I had a short exchange of mails with a PhD student who wished to ask some questions about a paper of mine, which was troublesome in many respects:
The student had a blatant lack of basic knowledge and techniques of their field. (Imagine a computer scientist not knowing what object-oriented programming is, a mathematician not knowing what fields are, etc. They did not change fields for the PhD.)
The student should be able to answer some of the questions with very little work.
Initially, the student did not give me even remotely the information I needed to answer their question in a useful manner.
The student seemed utterly overwhelmed with their project.
There were strong hints of a “do my work for me” attitude.
For the purpose of this question, assume that I am very likely correct in my assessment. Going into details about why I arrived at this conclusion would be beyond the scope of this question and be disclosing too much. I also wish to make clear that I am not annoyed by the questions or similar, I am just worried about the situation.
I am now wondering whether I should write a mail to their supervisor (whom I don’t know and who is not at my institution) informing them about this incident. My considerations so far are:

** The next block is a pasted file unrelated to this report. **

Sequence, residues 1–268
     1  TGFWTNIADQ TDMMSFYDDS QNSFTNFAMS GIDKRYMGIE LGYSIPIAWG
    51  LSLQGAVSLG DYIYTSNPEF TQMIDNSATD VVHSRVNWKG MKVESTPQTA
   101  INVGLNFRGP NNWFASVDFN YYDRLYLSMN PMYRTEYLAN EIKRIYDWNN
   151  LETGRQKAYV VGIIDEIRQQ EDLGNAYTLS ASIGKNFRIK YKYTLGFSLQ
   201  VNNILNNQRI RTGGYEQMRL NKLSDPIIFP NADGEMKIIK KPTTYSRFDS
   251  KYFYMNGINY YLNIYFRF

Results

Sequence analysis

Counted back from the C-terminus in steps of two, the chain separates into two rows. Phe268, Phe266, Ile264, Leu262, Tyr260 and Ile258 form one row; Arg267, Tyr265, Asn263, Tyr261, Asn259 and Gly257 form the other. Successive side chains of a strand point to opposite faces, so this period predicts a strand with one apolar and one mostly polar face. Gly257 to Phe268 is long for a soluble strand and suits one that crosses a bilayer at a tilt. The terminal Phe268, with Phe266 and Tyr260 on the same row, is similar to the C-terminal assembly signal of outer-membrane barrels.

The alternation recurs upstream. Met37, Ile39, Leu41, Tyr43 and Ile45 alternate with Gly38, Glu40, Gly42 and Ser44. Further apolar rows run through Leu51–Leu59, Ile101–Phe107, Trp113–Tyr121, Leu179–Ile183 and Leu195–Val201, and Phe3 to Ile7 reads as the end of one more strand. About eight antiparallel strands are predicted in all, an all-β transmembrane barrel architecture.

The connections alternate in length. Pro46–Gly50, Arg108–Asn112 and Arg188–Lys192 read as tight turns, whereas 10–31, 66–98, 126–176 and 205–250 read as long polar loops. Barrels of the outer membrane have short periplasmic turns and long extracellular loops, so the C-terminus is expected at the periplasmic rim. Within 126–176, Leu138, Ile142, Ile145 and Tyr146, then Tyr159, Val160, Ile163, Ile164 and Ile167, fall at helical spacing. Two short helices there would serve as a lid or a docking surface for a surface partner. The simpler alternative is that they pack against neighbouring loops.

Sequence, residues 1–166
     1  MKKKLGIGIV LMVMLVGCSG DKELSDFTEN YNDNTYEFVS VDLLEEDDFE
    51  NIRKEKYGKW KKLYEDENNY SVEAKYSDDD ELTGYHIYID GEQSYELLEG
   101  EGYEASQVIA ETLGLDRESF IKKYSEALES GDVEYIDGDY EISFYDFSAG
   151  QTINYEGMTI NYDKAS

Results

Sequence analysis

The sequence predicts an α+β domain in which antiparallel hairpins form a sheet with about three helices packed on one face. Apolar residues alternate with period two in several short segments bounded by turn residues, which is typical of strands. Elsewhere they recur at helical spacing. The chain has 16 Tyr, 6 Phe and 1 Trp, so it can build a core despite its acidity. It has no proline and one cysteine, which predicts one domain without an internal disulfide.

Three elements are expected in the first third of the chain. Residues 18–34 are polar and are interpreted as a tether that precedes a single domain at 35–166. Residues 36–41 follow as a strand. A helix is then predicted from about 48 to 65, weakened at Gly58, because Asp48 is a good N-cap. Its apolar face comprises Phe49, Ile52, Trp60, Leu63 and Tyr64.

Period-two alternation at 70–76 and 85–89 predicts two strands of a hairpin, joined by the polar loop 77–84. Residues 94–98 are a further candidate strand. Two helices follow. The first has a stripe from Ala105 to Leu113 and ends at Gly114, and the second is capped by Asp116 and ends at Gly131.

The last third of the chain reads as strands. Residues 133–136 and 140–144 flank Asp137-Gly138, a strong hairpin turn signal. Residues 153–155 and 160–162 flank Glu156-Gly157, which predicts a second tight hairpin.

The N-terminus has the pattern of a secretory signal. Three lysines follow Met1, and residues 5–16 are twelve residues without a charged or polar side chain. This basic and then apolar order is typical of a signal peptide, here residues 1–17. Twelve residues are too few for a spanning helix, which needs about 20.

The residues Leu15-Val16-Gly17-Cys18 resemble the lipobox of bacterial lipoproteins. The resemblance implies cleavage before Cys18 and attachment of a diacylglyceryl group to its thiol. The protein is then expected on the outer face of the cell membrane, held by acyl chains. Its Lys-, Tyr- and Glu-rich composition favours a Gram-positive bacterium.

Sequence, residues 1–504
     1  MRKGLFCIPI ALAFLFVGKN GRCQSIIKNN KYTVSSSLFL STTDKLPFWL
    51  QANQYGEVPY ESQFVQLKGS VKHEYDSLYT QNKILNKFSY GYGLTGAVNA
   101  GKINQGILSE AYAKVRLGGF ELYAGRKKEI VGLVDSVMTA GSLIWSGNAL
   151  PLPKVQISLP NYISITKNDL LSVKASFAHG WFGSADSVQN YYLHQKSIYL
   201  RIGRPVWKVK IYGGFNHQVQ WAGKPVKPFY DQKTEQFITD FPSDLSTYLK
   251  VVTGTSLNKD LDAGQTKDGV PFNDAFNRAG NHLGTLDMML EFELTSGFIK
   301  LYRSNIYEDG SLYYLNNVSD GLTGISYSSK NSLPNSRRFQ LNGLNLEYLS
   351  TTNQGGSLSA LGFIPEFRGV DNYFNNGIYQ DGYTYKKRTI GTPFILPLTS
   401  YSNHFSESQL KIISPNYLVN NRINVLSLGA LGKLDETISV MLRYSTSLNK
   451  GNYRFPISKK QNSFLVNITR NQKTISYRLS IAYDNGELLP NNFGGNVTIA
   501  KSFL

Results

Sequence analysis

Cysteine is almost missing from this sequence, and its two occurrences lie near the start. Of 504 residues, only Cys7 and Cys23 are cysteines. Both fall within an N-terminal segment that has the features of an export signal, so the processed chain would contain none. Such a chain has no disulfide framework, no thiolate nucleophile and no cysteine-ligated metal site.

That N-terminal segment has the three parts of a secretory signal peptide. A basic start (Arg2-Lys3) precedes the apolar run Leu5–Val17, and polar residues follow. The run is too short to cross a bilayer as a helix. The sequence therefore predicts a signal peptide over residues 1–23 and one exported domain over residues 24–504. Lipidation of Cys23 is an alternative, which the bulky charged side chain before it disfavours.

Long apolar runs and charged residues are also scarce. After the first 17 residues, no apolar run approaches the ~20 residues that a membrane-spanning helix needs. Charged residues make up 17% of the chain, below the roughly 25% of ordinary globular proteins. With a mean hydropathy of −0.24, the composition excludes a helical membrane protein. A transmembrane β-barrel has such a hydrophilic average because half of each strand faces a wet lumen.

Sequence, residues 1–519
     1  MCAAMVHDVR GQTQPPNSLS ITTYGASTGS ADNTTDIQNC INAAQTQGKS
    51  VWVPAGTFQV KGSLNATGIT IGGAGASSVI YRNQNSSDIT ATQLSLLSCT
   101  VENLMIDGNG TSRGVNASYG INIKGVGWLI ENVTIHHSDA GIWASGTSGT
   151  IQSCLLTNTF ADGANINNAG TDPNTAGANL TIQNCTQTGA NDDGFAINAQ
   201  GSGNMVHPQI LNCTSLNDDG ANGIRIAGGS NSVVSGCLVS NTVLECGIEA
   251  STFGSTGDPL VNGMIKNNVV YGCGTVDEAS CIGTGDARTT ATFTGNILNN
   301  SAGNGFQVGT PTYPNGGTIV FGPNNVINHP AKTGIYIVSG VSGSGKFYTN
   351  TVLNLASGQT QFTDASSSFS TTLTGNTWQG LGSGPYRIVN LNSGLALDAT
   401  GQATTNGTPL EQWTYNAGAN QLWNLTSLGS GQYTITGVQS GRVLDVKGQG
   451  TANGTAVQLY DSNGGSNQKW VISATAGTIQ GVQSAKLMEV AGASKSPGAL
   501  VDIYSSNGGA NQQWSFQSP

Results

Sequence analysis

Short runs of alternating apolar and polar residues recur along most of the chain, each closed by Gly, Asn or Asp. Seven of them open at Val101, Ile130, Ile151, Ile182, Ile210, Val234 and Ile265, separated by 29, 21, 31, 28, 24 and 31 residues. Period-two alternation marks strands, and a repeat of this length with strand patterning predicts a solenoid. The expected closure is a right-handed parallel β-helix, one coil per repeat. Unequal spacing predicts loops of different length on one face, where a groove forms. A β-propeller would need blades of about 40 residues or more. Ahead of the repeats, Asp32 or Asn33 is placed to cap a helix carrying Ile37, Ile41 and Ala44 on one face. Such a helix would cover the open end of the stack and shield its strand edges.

I am pretty confident that this student will not finish their degree (by honest means). As long as they continue with this, they waste time and resources: their own, their supervisor’s, and other researchers’ whom they are emailing.
If I were this student’s supervisor, this is something I would like to know since it can prevent me from wasting my time and resources on them. On the other hand, I hope that I would quickly notice these qualities in a PhD student.
This problem will likely escalate soon anyway.
It’s the supervisor’s job to talk to the student and give them the possibility to clarify in case I misjudged them. However, if I am wrong, my information may wrongfully harm the student if the supervisor overreacts or the student’s image is tainted subconsciously.
Depending on the situation, such a communication as mine may allow the supervisor to smoothly get rid of the student – which is good if I am right and the student is incompetent, but bad if I am wrong.
My question is this: Is there anything else I should take into account when making this decision? (I know that, at the end of the day, I have to weigh the arguments myself.) Note that I already sent a mail to the student but am skeptical whether they got the message.